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Human ability in identification of location and pulse number for electrocutaneous stimulation applied on the forearm.

Geng B, Jensen W - J Neuroeng Rehabil (2014)

Bottom Line: The study consisted of three experiments.The performance degraded when both parameters had to be identified likely due to increased cognitive load resulting from multiple tasks.Utilizing the proposed coding strategy in practical prosthetic hands remains to be investigated for clinical evaluation of its feasibility.

View Article: PubMed Central - HTML - PubMed

Affiliation: Department of Health Science and Technology, Aalborg University, Fredrik Bajers vej 7D, Aalborg, Denmark. bogeng@hst.aau.dk.

ABSTRACT

Background: The need of a sensory feedback system that would improve users' acceptance in prostheses is generally recognized. Feedback of hand opening and position are among the most important concerns of prosthetic users. To address the two concerns, this study investigated the human capability to identify pulse number and location when electrical stimulation applied on the forearm skin. The pulse number may potentially be used to encode the opening of prosthetic hands and stimulation location to encode finger position.

Methods: Ten able-bodied subjects participated in the study. Three electrodes were placed transversely across the ventral forearm spatially encoding three fingers (i.e., thumb, index, and middle finger). Five different pulse numbers (1, 4, 8, 12, and 20) encoded five levels of hand opening. The study consisted of three experiments. In the three experiments, each after a training session, the subjects were required to identify among: (a) five stimulation locations, (b) five pulse numbers, or (c) ten paired combinations of location and pulse number, respectively. The subjects' performance in the three identification tasks was evaluated.

Results: The main results included: 1) the overall identification rate for stimulation location was 92.2 ± 6.2%, while the success rate in two-site stimulation was lower than one-site stimulation; 2) the overall identification rate for pulse number was 90.8 ± 6.0%, and the subjects showed different performance in identification of the five pulse numbers; 3) the overall identification rate decreased to 80.2 ± 11.7% when the subjects were identifying paired parameters.

Conclusions: The results indicated that the spatial (location) and temporal (pulse number) identification performance are promising in electrocutaneous stimulation on the forearm. The performance degraded when both parameters had to be identified likely due to increased cognitive load resulting from multiple tasks. Utilizing the proposed coding strategy in practical prosthetic hands remains to be investigated for clinical evaluation of its feasibility.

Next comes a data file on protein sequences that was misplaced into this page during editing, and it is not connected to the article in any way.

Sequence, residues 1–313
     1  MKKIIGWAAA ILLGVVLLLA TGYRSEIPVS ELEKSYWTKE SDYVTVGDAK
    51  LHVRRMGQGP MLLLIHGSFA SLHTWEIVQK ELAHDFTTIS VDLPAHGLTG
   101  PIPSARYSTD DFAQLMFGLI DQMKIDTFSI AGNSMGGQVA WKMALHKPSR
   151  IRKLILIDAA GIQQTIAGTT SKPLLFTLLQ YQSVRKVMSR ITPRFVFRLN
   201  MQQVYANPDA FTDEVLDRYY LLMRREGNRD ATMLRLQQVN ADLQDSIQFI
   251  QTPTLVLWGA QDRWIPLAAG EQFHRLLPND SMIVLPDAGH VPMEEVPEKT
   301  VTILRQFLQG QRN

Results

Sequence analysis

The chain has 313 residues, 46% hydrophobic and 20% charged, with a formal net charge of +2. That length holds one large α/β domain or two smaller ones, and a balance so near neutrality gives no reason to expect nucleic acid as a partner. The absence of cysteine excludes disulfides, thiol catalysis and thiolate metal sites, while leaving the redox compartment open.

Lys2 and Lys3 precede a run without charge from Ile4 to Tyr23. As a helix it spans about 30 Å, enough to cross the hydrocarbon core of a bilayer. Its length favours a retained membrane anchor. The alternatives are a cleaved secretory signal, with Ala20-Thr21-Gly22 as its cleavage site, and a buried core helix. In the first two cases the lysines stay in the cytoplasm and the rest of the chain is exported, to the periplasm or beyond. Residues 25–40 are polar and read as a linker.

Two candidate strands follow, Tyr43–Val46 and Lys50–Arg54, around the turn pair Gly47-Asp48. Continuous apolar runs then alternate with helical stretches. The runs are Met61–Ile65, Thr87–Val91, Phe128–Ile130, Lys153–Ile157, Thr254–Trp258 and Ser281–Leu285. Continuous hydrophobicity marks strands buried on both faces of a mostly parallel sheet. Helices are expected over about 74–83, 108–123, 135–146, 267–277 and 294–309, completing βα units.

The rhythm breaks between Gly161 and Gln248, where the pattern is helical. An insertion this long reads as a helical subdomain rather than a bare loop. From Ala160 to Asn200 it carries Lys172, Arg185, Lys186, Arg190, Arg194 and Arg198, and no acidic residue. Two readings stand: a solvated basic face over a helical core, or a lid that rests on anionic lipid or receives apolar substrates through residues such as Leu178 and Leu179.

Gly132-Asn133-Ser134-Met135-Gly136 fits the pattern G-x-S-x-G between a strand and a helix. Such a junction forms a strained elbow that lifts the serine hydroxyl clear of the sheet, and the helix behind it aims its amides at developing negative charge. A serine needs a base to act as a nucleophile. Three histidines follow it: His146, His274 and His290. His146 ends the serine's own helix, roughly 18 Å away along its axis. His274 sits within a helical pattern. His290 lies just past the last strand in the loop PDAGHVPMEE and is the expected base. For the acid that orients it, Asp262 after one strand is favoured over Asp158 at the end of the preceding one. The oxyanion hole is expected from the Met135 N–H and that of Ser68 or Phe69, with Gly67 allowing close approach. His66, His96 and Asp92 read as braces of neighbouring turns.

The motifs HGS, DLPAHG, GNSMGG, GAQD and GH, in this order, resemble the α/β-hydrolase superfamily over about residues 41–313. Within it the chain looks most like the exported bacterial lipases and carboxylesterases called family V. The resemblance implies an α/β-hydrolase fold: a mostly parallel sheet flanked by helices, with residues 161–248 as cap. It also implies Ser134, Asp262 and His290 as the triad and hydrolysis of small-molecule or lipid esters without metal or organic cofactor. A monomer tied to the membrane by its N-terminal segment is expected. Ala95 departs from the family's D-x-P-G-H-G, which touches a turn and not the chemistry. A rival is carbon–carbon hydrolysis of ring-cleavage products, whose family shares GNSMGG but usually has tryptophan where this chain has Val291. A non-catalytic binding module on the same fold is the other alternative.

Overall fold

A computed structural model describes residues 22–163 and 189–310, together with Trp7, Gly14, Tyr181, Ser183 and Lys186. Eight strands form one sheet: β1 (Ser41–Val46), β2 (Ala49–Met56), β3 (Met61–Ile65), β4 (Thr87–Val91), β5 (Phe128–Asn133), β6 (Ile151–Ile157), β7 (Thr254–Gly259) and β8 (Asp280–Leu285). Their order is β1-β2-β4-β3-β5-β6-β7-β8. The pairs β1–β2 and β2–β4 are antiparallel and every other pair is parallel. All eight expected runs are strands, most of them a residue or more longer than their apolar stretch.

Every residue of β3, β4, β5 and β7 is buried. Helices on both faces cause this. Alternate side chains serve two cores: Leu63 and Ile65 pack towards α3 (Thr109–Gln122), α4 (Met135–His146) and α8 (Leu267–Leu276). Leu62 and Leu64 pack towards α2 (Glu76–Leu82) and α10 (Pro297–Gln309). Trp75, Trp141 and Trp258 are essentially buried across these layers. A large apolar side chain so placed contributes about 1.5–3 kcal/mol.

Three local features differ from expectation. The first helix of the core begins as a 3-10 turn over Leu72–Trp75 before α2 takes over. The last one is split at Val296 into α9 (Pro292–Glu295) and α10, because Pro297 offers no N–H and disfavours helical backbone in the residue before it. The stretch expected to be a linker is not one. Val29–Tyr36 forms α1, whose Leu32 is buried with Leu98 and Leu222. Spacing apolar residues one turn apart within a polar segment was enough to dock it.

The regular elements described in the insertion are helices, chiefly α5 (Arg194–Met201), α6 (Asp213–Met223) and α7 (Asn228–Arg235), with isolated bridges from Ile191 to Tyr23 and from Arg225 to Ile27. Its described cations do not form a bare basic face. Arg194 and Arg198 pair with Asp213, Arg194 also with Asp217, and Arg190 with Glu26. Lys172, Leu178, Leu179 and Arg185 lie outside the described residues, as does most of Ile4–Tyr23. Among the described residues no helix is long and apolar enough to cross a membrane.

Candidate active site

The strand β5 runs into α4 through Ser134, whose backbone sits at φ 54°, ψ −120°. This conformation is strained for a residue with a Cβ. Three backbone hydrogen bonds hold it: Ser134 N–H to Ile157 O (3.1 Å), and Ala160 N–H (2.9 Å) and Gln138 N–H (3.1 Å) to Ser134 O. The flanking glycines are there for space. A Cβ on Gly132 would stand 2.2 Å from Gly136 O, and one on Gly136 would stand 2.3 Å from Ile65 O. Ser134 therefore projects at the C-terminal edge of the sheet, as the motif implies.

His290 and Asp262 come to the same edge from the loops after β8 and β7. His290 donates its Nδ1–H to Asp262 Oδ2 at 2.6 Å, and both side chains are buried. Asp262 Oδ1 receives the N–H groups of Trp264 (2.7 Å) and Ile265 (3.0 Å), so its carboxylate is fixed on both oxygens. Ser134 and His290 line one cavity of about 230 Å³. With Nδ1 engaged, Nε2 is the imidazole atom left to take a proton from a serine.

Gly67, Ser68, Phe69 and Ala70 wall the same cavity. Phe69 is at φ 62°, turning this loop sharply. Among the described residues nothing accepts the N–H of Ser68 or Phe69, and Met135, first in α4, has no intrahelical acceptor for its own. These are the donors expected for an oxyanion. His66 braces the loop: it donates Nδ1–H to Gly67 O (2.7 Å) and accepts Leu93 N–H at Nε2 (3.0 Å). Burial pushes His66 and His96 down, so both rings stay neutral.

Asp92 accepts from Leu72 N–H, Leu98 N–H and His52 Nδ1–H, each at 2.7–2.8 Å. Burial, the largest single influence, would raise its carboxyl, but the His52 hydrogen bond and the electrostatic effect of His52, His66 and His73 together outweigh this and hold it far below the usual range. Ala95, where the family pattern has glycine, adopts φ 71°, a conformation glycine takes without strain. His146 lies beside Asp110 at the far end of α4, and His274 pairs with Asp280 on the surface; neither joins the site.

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Just noticeable difference (JND) for pulse number. The curves of JND for pulse number were drawn based on the measurement at three pulse rates: 10, 20, 40 pps in one subject. A group of five pulse numbers was selected for each pulse rate, ensuring that the ‘spacing’ between two successive pulse numbers equal to or larger than the JND. The three groups of selected pulse numbers were marked on the three curves, respectively.
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Figure 4: Just noticeable difference (JND) for pulse number. The curves of JND for pulse number were drawn based on the measurement at three pulse rates: 10, 20, 40 pps in one subject. A group of five pulse numbers was selected for each pulse rate, ensuring that the ‘spacing’ between two successive pulse numbers equal to or larger than the JND. The three groups of selected pulse numbers were marked on the three curves, respectively.

Mentions: Since the choice of pulse rate and the ‘spacing’ between two successive pulse numbers could highly influence the performance in pulse number identification, the ‘optimal’ pulse rate and pulse numbers were selected in preliminary experiments. The pulse rates of 10, 20, and 40 pulses per second (pps) were tested and compared. Low pulse rates were considered because high pulse rates have previously been reported to be less clear and harder for the subjects to interpret [18].The selection of ‘optimal’ pulse numbers was based on a method using just noticeable difference (JND) of pulse numbers. The JND of a specific pulse number was determined using the following method: (1) A pair of stimuli was presented in sequence with the first as the baseline stimulus and the second having a greater pulse number; (2) After each stimulus pair presented, the participant was asked to report whether he perceived the difference between the two stimuli or not; (3) The second stimulus increased until the participant detected the difference; (4) The difference in pulse number between these two stimuli was then recorded as the JND of the base stimulus. JNDs of a range of pulse numbers were measured for each of the three pulse rates. That is, JNDs of pulse number 1, 2, 3,…, 10 for pulse rate 10 pps (i.e., totally 10 JNDs obtained), JNDs of pulse number 1, 2, 4, 6, …, 20 for pulse rate 20 pps (i.e., totally 11 JNDs obtained), JNDs of pulse number 1, 2, 4, 6, …, 20, 24, 28,…, 40 for pulse rate 40 pps (i.e., totally 16 JNDs obtained). Five pulse numbers were selected for each pulse rate, according to: (a) PN1 was always equal to 1, (b) PN5 equal to the maximum pulses in one second (i.e. the pulse rate), and (c) PN2 ≥ PN1 + JND (PN1), PN3 ≥ PN2 + JND (PN2) and so on. The selection criterion was that the five values distributed within one second and meanwhile their spacing equal to or larger than the JNDs. This JND-based method ensured the selected pulse numbers were theoretically distinguishable. Figure 4 shows the measured JNDs and selected pulse numbers for each of the three pulse rates.